To appreciate the evolution of the Eames Lounge Chair, it’s helpful to understand the design process that Charles and Ray employed. It began when the couple turned their Los Angeles apartment into a workshop in 1941 and began building a device for molding plywood. Their goal at the time was to develop the capacity to apply pressure to plywood without breaking it, which would give them the opportunity to produce a host of objects that interested them at the time — chairs, sculptures, aircraft parts, leg splints and children’s furniture and toys. After many attempts and failures, the Eameses mastered the three-dimensional molding process with an apparatus for bending wood — a kind of curing oven made from wood scraps and spare bicycle parts. They called it the Kazam! machine. With its hinged and bolted curving plaster mold, the Kazam! machine allowed them to create a glued sandwich consisting of several layers of veneer, which was then pushed against the plaster mold by a membrane which, in its turn, was manually inflated by a bicycle pump.
The Kazam! Machine
Putting the Kazam! to Work First produced in 1956, the iconic Eames Lounge Chair draws inspiration from a classic English Club Chair. It consists of a bent-wood frame atop a six-legged base, constructed using the Kazam! machine, and tilted at an optimal angle for comfort and ergonomics. It’s topped with supple leather, which the Eameses described as providing “the warm redemptive look of a well-used first baseman’s mitt,” in their vision to make the chair “a special refuge from the strains of modern living.”
Part of the permanent collections at New York’s MoMA and the Art Institute of Chicago, the Chair and Ottoman have been the subject of numerous documentary films and books, and continue to be featured prominently in contemporary design curation.
Iconic and Forever Fresh
Authentic Eames Chairs are still manufactured by Herman Miller today, much as they were in 1956. And while the Kazam! process has been streamlined and updated, it remains much the same as it was when the Eames first conceived it in their LA living room — ensuring that these uniquely timeless objects of desire remain a special refuge from the strains of modern living.
Although many know expressionism for its evocative poetry and painting, expressionist architecture was also a subsect of the Modernist Movement. While coexisting with the minimalist rigor of the Bauhaus, this avant-garde style allowed designers to explore new, radical perspectives, gifting to the world some of the most dynamic, expressive architecture of the 20th century.
Origins of Expressionism
Expressionism originated in the late 1800s from a small group of artists based in Germany. The artists who founded the movement felt that 19th-century impressionism – which commanded the art world – was out of touch with the social climate of the times due to the various changes that came with the Industrial Revolution. This feeling of detachment helped inspire what would soon be known as expressionism.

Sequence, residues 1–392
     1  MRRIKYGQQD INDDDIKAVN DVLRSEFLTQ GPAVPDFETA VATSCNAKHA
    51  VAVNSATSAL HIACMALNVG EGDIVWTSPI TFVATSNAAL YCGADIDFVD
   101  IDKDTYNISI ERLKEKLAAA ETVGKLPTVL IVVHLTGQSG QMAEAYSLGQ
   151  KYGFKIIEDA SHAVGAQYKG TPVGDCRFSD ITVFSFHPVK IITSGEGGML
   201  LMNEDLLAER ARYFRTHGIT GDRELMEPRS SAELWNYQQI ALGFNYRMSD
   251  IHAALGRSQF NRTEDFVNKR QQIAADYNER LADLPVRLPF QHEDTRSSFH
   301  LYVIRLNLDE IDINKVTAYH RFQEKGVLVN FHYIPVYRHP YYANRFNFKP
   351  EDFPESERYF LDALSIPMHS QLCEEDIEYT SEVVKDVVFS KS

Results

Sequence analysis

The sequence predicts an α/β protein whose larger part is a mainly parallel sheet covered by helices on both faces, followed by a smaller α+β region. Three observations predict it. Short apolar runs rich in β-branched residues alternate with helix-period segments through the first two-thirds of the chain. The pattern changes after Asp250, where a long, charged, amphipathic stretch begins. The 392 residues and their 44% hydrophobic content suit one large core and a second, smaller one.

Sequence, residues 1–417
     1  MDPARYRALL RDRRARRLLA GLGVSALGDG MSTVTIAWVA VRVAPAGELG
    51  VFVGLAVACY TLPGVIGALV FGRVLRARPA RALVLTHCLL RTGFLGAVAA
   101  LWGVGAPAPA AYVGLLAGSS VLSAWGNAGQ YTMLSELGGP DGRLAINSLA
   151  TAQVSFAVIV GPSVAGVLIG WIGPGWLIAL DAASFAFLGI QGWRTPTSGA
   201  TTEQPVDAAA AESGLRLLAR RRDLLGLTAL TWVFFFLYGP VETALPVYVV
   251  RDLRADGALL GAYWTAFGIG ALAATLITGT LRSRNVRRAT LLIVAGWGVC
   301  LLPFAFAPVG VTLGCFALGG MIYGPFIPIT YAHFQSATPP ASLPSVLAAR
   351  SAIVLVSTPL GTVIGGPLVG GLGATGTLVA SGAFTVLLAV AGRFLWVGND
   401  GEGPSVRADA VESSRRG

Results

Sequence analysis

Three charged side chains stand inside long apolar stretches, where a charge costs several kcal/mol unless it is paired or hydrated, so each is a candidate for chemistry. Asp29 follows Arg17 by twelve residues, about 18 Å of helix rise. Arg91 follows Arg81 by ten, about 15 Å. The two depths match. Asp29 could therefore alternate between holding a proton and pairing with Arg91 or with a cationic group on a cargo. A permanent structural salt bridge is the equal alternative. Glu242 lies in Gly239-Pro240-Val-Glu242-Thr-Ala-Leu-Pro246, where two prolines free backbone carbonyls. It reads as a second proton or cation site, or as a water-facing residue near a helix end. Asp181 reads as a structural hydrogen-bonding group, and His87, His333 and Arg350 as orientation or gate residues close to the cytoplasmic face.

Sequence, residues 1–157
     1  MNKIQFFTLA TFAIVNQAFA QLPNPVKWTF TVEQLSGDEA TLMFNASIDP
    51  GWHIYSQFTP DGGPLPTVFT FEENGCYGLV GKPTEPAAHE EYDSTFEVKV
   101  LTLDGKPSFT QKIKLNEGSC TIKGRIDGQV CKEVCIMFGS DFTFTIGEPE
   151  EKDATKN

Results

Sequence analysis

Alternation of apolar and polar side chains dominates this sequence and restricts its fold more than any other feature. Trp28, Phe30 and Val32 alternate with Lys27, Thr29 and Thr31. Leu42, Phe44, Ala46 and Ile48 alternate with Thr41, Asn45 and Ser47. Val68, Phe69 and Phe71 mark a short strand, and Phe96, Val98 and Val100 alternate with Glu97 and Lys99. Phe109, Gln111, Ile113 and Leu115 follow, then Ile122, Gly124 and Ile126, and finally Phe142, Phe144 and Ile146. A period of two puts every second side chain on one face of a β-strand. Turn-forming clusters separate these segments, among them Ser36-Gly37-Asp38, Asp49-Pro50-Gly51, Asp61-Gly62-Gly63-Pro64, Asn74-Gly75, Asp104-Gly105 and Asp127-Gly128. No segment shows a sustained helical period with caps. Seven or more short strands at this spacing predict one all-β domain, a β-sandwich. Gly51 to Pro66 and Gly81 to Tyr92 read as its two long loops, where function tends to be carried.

Acclaimed painters like Van Gogh, Paul Gauguin, Edvard Munch and Francis Bacon all contributed remarkable works of art throughout the movement, but artists who worked with other mediums also adopted the ideals that expressionists held close. Because of the vivid colors and distorted lines and angles associated with expressionism, German cinematography, in particular, took advantage of the moody standards.
After more than 30 years of commanding the art world itself, expressionists became banned from showing and selling their work in Germany, where the majority of the artists lived. The result left many artists suppressed, eventually leading to various radical movements, including Abstract Expressionism, Pop-Art, Minimalism and in the late 20th century, Neo-Expressionism.
Expressionism in Architecture
Expressionist architecture took advantage of the many characteristics associated with the movement’s other works of art, including distortion of form, themes of romanticism, expression of inner experience and the conception of architecture as a work of art, among others. Much of the movement’s builds featured Gothic, Romanesque and Rococo affinities.
Bruno Taut’s Glass Pavilion is one of the earliest examples of expressionist architecture. The structure was built in 1914 as a feature of the Cologne Deutscher Werkbund Exhibition. Constructed using only concrete and glass, the exterior of the pavilion showcases a vibrantly colored prismatic dome and a grand staircase. The interior of the building featured a kaleidoscope of color from the crown above it and a seven-tiered cascading waterfall.
The Einstein Tower is another striking example of expressionist-style architecture. The observatory was built by German Architect Erich Mendelsohn from 1919 to 1921 and was envisioned to hold a solar telescope. Mendelsohn designed the building to reflect the radical theories formed by Einstein – specifically his theory of motion. The structure is built with brick but covered with stucco to give it its smooth, tidal-like exterior.
More recent examples of expressionist-style architecture include Walt Disney Concert Hall designed by Frank Gehry in Los Angeles, the Lotus Temple designed by Fariborz Sahba in Delhi, and Zaha Hadid’s Vitra Fire Station in Weil am Rhein.